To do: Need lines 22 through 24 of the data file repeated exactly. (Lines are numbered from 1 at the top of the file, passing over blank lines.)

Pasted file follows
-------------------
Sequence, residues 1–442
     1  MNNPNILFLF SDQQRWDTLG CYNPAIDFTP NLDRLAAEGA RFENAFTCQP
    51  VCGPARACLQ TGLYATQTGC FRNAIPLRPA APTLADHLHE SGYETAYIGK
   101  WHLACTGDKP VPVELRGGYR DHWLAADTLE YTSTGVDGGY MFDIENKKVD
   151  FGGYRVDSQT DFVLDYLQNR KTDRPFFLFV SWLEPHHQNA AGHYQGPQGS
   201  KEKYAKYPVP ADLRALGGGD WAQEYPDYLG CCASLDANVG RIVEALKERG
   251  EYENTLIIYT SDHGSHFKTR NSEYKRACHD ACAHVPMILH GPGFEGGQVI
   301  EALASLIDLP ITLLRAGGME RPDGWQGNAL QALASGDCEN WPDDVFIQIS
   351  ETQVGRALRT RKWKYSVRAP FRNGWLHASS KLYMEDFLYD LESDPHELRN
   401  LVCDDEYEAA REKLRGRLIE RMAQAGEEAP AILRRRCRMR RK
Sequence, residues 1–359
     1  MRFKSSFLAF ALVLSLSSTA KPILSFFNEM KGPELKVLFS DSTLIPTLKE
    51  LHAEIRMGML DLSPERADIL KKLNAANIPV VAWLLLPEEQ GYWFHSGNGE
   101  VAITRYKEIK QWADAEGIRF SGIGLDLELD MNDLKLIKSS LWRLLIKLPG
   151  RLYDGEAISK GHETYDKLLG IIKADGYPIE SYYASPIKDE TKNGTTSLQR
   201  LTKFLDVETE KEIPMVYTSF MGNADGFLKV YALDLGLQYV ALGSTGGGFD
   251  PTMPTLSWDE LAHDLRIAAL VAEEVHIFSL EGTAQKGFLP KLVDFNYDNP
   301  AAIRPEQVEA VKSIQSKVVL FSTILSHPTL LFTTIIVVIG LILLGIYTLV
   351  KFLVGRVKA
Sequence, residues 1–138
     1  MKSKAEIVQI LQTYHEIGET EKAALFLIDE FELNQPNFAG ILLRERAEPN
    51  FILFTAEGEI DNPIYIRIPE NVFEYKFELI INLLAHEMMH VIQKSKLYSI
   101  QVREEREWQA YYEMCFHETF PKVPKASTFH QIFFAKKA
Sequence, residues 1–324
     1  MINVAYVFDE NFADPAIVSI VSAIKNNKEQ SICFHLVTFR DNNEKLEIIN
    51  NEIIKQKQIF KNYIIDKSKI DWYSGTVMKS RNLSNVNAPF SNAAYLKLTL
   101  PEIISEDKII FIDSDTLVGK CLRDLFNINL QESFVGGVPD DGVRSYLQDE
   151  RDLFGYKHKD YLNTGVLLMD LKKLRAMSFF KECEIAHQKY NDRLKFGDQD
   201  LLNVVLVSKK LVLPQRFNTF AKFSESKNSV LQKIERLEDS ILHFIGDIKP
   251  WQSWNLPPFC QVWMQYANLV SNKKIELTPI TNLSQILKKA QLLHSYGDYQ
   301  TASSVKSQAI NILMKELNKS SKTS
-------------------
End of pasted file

    51  FILFTAEGEI DNPIYIRIPE NVFEYKFELI INLLAHEMMH VIQKSKLYSI
   101  QVREEREWQA YYEMCFHETF PKVPKASTFH QIFFAKKA
Sequence, residues 1–324